Lakes Dry Up As Lack of Rain Continues

dry lakes

APPLEGATE, Ore. — It’s the driest year on record for most of Southern Oregon and Northern California. Lakes and rivers in the area are drying up, and there is no help in sight.

The Applegate Reservoir is usually filled to the brim with water, but right now it’s nothing more than a muddy desert.

“We’re praying for water. We’re praying for rain. It’s really, really low,” said Applegate Reservoir visitor Bear Perrin.

Perrin uses the lake year-round, and he said he’s never seen it this low.

“We’ve seen it pretty low but not low enough to go past the boat ramps,” said Perrin.

The U.S. Army Corps of Engineers said the Applegate Reservoir is 22 feet below its normal water levels for this time of year.

Officials said the region has less than a quarter of precipitation it should have this time of year, and this lack of rain and snow will impact Southern Oregon and Northern California.

“Things can turn around but when we are this far in the hole it would take substantial storm after storm to  bring us back up to where we’d like to be,” said Jim Buck, U.S. Army Corps of Engineers Operation Project Manager.

Buck said snow pack is extremely important because without it there will be little or no runoff in the summer, that means streams instead of rivers, and ponds instead of lakes.  However, right now there is nothing anyone can do but cross their fingers and hope for the best.

“I’m praying, ‘Please, God. Please.’…It will be a tough summer, but I think we are going to get it,” said Perrin.

The last time the Rogue Valley saw a drought was back in 2001, and it looks like there could possibly one on the horizon for 2014.


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  1. Fred Hutchison says:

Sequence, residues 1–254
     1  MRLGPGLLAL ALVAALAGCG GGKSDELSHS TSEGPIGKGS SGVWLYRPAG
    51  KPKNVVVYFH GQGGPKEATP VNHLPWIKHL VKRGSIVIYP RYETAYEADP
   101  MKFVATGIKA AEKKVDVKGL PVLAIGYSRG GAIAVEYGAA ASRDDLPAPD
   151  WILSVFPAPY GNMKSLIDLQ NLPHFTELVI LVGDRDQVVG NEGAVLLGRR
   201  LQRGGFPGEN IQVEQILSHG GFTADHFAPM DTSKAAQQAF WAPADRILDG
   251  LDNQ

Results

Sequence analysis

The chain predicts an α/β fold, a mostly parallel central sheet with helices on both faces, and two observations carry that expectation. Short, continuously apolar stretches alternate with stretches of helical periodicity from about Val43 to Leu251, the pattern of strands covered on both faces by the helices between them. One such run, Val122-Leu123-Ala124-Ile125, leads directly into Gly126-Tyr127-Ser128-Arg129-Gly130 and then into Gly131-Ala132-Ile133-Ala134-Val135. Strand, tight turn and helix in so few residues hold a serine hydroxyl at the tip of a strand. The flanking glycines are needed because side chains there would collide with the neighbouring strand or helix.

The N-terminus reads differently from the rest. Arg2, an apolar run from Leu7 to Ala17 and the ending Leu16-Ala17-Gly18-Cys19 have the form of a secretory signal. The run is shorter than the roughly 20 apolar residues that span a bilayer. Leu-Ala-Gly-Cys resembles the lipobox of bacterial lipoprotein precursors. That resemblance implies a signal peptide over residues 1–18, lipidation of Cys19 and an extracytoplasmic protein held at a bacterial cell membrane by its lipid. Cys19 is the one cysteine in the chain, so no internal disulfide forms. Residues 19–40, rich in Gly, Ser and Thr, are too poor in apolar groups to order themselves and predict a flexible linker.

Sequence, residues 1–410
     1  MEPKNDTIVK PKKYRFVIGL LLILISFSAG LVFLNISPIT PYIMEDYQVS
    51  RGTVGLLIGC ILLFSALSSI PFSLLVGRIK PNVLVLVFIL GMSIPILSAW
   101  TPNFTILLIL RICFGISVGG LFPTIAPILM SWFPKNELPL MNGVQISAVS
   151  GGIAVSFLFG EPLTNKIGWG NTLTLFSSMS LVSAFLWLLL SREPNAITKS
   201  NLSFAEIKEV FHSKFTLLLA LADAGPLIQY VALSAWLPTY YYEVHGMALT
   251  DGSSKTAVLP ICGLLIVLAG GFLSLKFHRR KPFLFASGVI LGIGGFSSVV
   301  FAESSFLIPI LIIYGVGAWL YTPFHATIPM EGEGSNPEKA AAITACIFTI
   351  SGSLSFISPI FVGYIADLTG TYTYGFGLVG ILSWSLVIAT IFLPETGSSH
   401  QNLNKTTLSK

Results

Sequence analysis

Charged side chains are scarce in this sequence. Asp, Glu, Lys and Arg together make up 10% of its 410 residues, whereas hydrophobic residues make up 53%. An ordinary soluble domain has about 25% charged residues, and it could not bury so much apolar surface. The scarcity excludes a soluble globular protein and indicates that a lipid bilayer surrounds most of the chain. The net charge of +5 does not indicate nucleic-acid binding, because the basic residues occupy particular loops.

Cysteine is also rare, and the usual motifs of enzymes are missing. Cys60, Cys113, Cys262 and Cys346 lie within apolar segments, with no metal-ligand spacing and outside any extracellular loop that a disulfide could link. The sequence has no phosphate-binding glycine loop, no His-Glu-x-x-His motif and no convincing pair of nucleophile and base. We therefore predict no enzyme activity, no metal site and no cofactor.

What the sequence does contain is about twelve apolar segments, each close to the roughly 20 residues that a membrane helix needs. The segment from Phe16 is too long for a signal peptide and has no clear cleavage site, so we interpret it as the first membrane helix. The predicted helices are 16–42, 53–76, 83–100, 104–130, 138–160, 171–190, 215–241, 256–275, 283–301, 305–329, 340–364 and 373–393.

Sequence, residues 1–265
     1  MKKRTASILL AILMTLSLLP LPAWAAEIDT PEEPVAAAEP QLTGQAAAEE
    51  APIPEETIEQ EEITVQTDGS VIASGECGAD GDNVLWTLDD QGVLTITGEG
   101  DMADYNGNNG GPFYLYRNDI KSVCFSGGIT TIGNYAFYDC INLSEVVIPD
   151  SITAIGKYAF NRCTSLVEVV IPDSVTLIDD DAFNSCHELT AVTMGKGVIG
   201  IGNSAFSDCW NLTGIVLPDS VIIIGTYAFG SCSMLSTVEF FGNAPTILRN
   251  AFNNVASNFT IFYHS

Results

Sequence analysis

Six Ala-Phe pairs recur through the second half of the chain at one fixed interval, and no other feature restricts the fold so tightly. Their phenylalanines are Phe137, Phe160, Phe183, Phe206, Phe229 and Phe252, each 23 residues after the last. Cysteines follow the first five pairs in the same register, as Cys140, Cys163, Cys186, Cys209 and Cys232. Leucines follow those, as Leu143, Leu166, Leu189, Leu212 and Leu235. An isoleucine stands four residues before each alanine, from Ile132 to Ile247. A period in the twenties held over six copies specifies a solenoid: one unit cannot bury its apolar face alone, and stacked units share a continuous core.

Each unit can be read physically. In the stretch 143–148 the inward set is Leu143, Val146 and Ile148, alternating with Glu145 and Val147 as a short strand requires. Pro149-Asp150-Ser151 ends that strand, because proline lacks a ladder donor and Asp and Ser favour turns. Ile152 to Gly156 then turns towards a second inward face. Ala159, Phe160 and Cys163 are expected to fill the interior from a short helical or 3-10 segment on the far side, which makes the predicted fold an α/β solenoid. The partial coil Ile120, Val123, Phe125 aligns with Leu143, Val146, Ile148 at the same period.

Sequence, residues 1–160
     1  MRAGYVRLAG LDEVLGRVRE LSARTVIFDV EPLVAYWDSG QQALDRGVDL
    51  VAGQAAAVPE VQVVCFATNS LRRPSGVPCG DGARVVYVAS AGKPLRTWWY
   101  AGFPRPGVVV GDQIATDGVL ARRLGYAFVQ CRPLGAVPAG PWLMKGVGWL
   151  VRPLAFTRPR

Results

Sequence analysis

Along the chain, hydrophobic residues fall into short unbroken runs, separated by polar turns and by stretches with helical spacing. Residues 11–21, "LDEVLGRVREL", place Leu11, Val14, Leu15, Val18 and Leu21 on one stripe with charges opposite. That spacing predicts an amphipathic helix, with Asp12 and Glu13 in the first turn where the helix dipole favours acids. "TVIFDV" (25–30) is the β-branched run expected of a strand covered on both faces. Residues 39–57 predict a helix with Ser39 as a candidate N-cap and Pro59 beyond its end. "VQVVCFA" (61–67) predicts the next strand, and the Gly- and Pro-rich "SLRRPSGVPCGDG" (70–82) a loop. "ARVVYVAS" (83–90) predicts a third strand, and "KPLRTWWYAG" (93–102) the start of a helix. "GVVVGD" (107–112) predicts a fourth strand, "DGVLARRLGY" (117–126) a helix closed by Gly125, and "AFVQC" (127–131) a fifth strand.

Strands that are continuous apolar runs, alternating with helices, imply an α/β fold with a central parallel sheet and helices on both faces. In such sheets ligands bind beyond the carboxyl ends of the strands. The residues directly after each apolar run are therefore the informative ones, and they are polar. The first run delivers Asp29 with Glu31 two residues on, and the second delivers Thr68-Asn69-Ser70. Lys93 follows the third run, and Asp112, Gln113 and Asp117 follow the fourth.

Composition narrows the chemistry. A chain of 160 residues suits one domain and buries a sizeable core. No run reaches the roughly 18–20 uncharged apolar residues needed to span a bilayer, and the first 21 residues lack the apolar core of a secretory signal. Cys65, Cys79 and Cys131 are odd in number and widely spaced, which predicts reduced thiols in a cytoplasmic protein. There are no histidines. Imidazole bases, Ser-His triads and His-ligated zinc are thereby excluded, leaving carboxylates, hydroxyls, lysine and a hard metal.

This is false reporting. Applegate lake is extremely low every year in December and January, with only the low water boat ramp functional (across the dam at French Gulch). Yes, the lake is lower than normal, but stating the lake is “usually full to the brim” is just absolutely wrong. Only in the beginning of spring would that statement be true.

  2. jeff says:

    Only an inch of snow on Mt. Ashland and we’re usually skiing by Christmas. I would say it’s not too far off. Not a good situation for sure. Gonna be a rough fire season.

  3. Scott Clemans says:

    I’m a Corps of Engineers public affairs specialist. During the winter months, we hold the water level at Applegate Reservoir at or below elevation 1,890 feet above sea level – almost 100 feet below its maximum summer elevation of 1,987 feet – to store water that might otherwise cause flooding downriver. And even during the summer months when the reservoir is “full,” it’s usually lower than that maximum elevation, too, as we release water into the Applegate River to provide fish and wildlife habitat, irrigation and other benefits downriver. That hardly qualifies as “filled to the brim.”

    The Corps’ other Rogue River Basin Project reservoir, Lost Creek, which is much larger in terms of storage (315,000 acre-feet of useable storage versus Applegate’s 82,000), is only 4 feet below its desired elevation versus Applegate’s 23. So although *a* lake of ours is significantly lower than desired, I don’t think that translates into Corps *lakes* in your area “drying up.”

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